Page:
Epic Hacks and High Jinks at Black Hat

August 4, 2015
| |
2 min read

Now in its 18th year, one of the original concepts behind Black Hat USA was “meet the enemy,” as corporate executives and hackers come face to face to discuss the goings-on in the security industry. Its mission has shifted slightly, and today, Black Hat is renowned as a place to get up to speed on the latest research, learn about new threat vectors and brush up on techniques for thwarting attacks. It is also famous for highlighting audacious hacks and attacks on a variety of devices and for the high jinks and pranks that attendees get up to.

Epic Hacks Make Black Hat What It Is

A number of epic hacks presented tend to draw in the crowds. Some of the most famous have been the hacking of ATM systems and medical devices. One savvy mind even went so far as to hack the hotel locks made by a manufacturer with a 50 percent share of the market.

At last year’s conference, a researcher showed how to hack into the satellite communications equipment of passenger planes through their Wi-Fi and in-flight entertainment systems. It was also the year of hacks against Internet of Things (IoT) devices, dubbed the Internet of hackable things. Among the demonstrations was the hacking of smart televisions, vehicles and even a smart toilet.

Such hacks are certainly a draw for attendees, and researchers will save their best for Black Hat. However, it is considered most ethical to warn manufacturers beforehand so that they have time to implement fixes before the vulnerabilities go public. Even with these considerations, some hacks are considered too controversial, and it’s not uncommon for presentations to be canceled at the last minute.

Attendees Must Be Aware of High Jinks

But it is not only the high-profile hacks that put Black Hat on the map. It is also known for the high jinks that go on, often exposing lax security practices among attendees. SC Magazine reported that during Black Hat USA 2014, traffic from hacking attacks originated in Las Vegas spiked at 130 times the normal amount seen, rising to 2,612 attacks at the peak.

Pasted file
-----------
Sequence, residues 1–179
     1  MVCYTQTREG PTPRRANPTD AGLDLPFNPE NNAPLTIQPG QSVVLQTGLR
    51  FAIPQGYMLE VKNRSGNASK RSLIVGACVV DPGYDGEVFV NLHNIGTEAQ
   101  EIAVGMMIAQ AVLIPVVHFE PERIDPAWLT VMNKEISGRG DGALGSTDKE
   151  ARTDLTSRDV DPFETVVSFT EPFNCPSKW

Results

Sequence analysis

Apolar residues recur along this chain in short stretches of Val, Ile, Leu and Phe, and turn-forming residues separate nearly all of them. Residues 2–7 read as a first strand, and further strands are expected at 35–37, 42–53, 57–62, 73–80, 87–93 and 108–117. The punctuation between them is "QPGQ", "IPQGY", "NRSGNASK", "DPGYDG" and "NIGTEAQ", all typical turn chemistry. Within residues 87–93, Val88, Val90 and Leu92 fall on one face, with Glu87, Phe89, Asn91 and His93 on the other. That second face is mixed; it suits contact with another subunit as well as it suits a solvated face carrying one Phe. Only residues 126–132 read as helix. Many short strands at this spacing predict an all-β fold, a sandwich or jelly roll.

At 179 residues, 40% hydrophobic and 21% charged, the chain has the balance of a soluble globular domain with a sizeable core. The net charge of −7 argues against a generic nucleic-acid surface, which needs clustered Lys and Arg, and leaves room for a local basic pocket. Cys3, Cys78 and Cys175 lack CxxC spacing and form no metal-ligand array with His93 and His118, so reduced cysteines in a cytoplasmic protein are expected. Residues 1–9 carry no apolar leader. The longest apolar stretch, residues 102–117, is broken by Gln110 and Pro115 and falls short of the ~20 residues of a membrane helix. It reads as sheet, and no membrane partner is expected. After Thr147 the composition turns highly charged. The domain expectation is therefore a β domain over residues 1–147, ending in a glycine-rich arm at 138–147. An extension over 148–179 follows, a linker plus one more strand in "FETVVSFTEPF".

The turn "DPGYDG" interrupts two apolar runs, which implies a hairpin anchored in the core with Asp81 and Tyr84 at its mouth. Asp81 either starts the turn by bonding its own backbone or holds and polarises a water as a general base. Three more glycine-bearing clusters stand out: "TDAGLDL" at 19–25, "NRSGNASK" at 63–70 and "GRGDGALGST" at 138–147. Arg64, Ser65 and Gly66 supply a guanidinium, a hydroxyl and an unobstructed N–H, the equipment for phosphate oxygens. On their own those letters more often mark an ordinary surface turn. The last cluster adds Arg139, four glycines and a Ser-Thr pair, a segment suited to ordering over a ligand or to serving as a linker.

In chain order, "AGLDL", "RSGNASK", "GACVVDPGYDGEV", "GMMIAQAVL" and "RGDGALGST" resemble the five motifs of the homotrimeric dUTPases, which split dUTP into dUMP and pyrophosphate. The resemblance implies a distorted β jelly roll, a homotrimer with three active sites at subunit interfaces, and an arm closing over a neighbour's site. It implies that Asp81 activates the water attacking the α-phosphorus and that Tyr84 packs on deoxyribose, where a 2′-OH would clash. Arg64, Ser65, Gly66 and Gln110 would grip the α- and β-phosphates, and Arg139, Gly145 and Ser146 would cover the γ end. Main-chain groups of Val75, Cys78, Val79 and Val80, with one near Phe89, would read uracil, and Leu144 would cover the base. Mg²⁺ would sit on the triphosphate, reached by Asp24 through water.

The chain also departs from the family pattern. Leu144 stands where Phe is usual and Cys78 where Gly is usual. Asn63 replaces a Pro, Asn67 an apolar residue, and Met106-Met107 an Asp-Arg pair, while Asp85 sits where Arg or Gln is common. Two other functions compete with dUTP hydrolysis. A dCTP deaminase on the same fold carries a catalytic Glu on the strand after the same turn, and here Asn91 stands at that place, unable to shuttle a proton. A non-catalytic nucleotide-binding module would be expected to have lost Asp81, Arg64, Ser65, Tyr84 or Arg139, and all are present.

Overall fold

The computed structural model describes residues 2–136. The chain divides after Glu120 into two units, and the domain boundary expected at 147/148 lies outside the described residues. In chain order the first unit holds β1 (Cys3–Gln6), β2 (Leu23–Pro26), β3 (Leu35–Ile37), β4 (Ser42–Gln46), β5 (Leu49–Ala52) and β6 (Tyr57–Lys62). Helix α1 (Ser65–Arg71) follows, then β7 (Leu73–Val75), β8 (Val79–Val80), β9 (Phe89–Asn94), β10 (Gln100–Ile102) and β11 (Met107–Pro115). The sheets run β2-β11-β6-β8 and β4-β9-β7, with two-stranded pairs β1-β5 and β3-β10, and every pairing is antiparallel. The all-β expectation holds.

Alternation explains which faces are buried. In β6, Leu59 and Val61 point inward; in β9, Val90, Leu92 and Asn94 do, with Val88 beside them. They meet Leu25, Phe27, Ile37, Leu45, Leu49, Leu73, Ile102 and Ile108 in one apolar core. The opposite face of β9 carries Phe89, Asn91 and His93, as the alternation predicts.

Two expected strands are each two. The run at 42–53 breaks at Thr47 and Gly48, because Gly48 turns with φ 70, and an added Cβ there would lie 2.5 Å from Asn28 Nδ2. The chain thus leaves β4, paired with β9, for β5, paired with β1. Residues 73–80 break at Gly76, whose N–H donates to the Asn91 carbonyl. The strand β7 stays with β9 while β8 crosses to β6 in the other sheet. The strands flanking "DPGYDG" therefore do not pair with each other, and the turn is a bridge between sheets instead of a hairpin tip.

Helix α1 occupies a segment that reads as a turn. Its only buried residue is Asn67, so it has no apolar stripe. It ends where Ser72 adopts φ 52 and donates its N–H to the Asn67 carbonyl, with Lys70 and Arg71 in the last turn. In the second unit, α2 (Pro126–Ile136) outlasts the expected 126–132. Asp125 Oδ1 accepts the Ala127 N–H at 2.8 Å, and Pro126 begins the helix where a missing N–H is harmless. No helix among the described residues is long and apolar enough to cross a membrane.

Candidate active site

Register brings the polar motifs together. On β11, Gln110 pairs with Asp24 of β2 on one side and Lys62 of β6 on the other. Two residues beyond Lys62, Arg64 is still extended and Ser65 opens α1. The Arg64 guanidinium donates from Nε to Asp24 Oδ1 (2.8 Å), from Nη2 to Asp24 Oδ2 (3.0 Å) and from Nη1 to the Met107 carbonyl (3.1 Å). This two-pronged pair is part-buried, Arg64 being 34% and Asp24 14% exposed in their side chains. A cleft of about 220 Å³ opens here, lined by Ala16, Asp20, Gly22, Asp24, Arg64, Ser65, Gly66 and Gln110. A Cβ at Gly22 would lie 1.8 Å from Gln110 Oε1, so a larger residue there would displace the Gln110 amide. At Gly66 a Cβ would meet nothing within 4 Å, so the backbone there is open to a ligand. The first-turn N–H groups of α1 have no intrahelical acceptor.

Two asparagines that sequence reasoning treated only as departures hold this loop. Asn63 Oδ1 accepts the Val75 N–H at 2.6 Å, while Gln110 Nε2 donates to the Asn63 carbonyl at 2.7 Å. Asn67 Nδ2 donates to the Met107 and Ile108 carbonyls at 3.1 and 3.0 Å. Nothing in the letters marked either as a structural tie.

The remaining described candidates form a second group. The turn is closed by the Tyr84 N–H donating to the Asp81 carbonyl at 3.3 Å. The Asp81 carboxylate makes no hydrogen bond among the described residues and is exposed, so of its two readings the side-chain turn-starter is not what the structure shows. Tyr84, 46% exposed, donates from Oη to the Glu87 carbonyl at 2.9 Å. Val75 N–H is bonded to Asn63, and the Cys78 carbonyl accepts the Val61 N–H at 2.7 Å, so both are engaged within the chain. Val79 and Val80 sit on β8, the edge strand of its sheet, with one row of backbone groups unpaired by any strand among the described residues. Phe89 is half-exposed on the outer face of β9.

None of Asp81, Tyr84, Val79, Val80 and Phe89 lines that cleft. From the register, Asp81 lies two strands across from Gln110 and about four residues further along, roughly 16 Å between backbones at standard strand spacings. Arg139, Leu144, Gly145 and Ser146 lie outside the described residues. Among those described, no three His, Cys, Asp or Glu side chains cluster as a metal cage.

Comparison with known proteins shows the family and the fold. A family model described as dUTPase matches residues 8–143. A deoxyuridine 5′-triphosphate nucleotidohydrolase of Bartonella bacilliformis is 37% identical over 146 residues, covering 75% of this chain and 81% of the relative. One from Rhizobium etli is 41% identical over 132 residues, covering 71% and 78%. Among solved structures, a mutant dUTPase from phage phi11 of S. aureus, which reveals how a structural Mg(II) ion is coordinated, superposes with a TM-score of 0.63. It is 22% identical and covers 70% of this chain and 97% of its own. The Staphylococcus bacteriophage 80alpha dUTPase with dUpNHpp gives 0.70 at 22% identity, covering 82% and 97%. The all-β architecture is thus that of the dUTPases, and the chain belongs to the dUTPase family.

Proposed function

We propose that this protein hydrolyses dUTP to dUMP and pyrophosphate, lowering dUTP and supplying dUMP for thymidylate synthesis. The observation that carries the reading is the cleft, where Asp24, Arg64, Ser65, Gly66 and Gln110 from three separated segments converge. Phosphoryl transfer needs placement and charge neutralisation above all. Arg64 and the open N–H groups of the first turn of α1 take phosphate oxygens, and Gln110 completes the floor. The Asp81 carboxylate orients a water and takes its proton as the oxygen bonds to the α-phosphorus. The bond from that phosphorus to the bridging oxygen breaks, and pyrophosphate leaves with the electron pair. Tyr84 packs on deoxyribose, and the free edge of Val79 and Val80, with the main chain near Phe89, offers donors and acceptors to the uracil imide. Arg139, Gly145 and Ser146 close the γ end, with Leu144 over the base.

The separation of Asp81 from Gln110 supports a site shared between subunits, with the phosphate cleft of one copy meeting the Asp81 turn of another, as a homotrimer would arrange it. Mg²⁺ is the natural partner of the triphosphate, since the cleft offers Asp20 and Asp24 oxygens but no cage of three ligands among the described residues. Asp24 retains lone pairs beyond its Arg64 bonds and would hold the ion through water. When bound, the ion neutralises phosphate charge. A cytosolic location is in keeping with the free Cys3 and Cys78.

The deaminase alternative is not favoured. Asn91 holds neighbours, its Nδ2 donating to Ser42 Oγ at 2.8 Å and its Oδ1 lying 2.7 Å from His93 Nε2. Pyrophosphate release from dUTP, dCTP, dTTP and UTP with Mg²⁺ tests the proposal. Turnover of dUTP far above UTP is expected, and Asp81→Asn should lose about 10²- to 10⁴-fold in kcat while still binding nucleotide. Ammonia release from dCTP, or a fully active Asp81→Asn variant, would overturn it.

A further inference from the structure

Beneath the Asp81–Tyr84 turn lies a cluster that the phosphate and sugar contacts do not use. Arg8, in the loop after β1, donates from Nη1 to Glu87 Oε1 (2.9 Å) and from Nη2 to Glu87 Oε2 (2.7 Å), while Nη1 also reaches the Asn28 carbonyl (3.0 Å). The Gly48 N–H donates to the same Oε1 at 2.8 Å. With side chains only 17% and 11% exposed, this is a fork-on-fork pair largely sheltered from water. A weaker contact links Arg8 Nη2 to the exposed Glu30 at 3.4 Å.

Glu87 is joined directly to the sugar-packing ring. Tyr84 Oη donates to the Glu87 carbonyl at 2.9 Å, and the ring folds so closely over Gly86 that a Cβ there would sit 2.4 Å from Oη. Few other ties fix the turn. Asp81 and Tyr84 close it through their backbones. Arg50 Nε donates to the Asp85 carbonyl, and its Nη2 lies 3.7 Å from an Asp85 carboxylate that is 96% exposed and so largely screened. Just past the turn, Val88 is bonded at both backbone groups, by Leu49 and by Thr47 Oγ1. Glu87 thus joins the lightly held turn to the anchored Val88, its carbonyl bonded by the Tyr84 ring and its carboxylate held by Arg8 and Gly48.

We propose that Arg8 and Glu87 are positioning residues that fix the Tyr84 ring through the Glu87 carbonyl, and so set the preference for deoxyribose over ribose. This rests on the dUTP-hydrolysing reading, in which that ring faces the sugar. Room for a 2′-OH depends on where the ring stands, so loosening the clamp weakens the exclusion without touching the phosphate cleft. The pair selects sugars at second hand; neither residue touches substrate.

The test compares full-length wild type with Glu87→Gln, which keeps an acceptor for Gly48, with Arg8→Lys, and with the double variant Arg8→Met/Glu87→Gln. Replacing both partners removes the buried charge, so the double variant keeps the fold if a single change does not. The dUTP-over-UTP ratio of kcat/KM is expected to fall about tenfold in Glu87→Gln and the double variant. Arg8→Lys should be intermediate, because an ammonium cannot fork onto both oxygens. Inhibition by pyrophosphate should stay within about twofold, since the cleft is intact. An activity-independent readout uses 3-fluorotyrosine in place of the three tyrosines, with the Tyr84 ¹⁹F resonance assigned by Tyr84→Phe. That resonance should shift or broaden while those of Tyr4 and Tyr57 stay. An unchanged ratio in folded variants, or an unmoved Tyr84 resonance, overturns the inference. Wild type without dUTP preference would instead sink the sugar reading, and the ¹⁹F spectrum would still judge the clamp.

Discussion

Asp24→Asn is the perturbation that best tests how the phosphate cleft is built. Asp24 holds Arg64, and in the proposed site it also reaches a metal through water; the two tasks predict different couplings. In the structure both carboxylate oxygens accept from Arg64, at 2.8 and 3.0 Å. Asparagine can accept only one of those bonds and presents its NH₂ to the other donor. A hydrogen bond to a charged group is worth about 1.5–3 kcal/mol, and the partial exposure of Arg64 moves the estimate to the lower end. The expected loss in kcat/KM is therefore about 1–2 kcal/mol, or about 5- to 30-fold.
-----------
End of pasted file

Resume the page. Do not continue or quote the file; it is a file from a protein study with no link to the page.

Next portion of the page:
After the conference, the attack rate returned to normal. But many of the victims were left behind to reimagine their defenses and prepare for the following year. Conference hosts, for example, are frequently subjected to high jinks beyond the demonstrated hacks of hotel rooms and ATMs. In terms of the hotel facilities, hacked commodities have included streaming media services, allowing the presentations to be viewed for free; VoIP systems, which allowed free calls to be made; and other services such as the pay TV system.

Attendees also need to exercise caution and make sure that things are sufficiently locked down. There are a number of steps individuals can take to protect themselves at Black Hat, including avoiding unsecured Wi-Fi networks and using Mi-Fi devices to create their own personal hotspots. Visitors should never leave valuables in hotel rooms, even in safes, and they should ensure they have enough cash on them to get through the event.

No report has ever said that Black Hat was boring. The number of epic hacks presented and high jinks perpetrated has increased along with the size and breadth of the conference. If you take the proper precautions before attending, you can enjoy the fun without becoming a victim yourself.

Fran Howarth
Senior Analyst, Bloor Research

Fran Howarth is an industry analyst and writer specialising in security. She has worked within the security technology sector for more than 25 years in an ad...
read more